Time hens continue to produce fertile eggs
If the rooster in a flock dies, or is removed, the hens will continue to produce fertile eggs for up to four weeks, depending on bird species. This is because there are "sperm nest" areas located in the oviduct of hens that collect and store semen for later fertilization of eggs. This is a natural survival mechanism for the production of a series of fertile hatching eggs even after the male is not available.
The period of time that fertile eggs can be produced without additional matings can extend to several weeks. If a rooster is removed from the flock and replaced by another, it may require 3 weeks before it can be assured that all eggs will produce chicks sired by the new rooster. The proportion of chicks sired by the new rooster will increase during this period, but some chicks sired by the old rooster may hatch. Birds like turkeys and waterfowl have longer periods during which fertile eggs can be produced without matings.
Backyard chicken flocks continue to grow in popularity as Mississippians embrace the ability to produce some of their own food and enjoy the quirky personalities of the birds.Tom Tabler, poultry specialist with the Mississippi State University Extension Service, said those considering starting a backyard flock need to make clear-headed plans before bringing home darling little chicks.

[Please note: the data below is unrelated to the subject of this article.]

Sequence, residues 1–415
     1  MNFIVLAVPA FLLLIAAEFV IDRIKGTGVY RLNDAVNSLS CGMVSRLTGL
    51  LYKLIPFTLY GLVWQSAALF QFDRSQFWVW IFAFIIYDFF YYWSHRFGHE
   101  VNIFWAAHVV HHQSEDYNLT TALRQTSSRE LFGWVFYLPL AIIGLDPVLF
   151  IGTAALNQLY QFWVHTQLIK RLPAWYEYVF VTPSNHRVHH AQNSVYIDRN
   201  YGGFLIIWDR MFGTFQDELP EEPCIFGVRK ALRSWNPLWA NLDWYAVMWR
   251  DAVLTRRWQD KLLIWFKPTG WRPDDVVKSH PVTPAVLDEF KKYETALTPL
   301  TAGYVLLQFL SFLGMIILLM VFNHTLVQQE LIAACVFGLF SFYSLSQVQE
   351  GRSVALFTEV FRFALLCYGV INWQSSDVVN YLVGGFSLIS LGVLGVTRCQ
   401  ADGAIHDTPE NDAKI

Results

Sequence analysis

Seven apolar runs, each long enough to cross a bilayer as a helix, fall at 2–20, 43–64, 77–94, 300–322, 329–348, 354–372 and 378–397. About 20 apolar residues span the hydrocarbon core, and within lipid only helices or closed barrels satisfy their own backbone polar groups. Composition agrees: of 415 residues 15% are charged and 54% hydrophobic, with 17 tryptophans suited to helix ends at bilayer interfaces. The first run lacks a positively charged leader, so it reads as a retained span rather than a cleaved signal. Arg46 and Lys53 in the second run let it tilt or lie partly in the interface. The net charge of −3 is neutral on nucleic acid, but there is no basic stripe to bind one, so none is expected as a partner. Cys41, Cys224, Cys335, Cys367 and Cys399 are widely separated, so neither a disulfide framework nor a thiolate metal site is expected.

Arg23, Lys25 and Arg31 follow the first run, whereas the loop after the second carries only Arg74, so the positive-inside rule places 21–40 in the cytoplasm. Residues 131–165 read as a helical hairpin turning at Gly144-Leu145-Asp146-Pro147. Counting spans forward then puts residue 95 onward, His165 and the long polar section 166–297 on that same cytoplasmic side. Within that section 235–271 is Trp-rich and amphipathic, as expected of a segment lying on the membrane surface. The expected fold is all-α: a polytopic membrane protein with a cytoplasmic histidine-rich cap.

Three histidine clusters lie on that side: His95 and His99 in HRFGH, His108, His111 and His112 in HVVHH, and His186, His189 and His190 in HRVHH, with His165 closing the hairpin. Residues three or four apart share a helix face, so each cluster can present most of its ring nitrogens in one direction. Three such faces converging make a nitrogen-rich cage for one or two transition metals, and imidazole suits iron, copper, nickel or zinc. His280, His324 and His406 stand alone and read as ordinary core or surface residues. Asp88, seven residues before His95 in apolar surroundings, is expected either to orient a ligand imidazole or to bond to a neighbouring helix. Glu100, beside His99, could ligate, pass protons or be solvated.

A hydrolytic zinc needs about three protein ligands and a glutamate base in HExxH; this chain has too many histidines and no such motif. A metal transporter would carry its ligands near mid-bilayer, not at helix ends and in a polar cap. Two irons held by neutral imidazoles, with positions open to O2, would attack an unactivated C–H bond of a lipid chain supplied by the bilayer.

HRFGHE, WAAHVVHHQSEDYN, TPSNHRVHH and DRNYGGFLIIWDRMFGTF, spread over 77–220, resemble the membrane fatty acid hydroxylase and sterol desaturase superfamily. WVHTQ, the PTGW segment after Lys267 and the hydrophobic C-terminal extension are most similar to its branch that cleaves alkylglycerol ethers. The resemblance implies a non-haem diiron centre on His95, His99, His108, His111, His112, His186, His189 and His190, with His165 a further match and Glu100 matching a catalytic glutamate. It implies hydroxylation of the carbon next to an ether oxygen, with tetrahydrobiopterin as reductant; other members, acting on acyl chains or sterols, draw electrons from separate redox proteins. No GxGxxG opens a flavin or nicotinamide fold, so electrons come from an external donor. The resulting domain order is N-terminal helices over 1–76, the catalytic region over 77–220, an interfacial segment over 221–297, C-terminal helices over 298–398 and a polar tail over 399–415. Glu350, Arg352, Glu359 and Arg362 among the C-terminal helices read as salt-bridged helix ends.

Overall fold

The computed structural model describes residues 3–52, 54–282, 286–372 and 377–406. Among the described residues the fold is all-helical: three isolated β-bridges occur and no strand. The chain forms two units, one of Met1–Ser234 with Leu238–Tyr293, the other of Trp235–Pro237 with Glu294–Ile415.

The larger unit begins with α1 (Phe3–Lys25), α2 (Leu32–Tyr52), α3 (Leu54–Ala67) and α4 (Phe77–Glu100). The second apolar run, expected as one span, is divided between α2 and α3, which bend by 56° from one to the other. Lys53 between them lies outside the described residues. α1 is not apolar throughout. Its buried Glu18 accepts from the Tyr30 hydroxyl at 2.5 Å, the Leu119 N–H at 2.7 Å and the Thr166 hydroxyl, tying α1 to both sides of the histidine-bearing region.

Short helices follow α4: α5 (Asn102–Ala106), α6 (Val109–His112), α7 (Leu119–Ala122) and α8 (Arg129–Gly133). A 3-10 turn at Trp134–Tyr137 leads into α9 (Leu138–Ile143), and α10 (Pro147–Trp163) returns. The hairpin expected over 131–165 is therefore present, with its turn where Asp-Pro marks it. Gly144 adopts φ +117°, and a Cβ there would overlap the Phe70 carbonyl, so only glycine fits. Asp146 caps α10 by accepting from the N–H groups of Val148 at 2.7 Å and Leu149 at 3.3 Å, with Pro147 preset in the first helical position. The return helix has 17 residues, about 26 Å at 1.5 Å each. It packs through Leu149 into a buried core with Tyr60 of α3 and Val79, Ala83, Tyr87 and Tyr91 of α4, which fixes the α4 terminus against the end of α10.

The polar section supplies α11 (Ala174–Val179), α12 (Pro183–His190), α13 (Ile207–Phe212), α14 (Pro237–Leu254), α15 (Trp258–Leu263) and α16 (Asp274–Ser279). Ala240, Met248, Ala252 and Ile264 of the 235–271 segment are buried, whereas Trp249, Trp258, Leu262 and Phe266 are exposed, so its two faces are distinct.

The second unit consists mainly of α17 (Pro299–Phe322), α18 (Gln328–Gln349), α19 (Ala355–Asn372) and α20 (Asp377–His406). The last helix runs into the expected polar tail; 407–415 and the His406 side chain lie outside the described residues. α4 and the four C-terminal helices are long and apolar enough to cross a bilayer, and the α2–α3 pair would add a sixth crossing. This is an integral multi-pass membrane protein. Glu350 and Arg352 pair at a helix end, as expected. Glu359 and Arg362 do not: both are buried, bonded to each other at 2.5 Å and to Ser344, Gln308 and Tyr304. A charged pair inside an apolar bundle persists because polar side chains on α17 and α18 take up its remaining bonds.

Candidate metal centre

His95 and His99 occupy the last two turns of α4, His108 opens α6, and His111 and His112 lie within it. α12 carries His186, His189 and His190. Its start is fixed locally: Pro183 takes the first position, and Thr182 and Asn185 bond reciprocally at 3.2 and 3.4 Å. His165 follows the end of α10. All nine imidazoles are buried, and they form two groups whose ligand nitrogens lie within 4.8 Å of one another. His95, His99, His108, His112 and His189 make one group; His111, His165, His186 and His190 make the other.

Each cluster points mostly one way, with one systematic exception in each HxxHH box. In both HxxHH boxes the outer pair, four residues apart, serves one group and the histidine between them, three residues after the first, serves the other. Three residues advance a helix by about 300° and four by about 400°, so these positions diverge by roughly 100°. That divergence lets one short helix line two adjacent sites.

STARKVILLE, Miss. -- Each February marks the occasion for producers to share their research and programming needs with Mississippi State University agricultural specialists in person.
To comply with COVID-19 social distancing guidelines, the opportunity will be extended virtually this year.
RAYMOND, Miss. -- Despite multiple challenges in 2020, Mississippi’s poultry industry retained its first-place position among the state’s agricultural commodities. It topped the list with an estimated total production value of $2.16 billion.
That figure is down 16.1% from 2019. Final figures will be available in April.
The U.S. Department of Agriculture will accept applications for assistance from agricultural producers who continue to face market disruptions and associated costs because of COVID-19.Sign-up for the Coronavirus Food Assistance Program 2 -- CFAP 2 -- begins Sept. 21 and runs through Dec. 11, 2020. The program is open to producers of row crops, livestock, aquaculture, dairy and specialty crop commodities.
Poultry producers across the Southeast have plenty of experience cleaning up after storm damage to broiler and breeder houses, but they now have new guidelines for hurricane preparedness and recovery.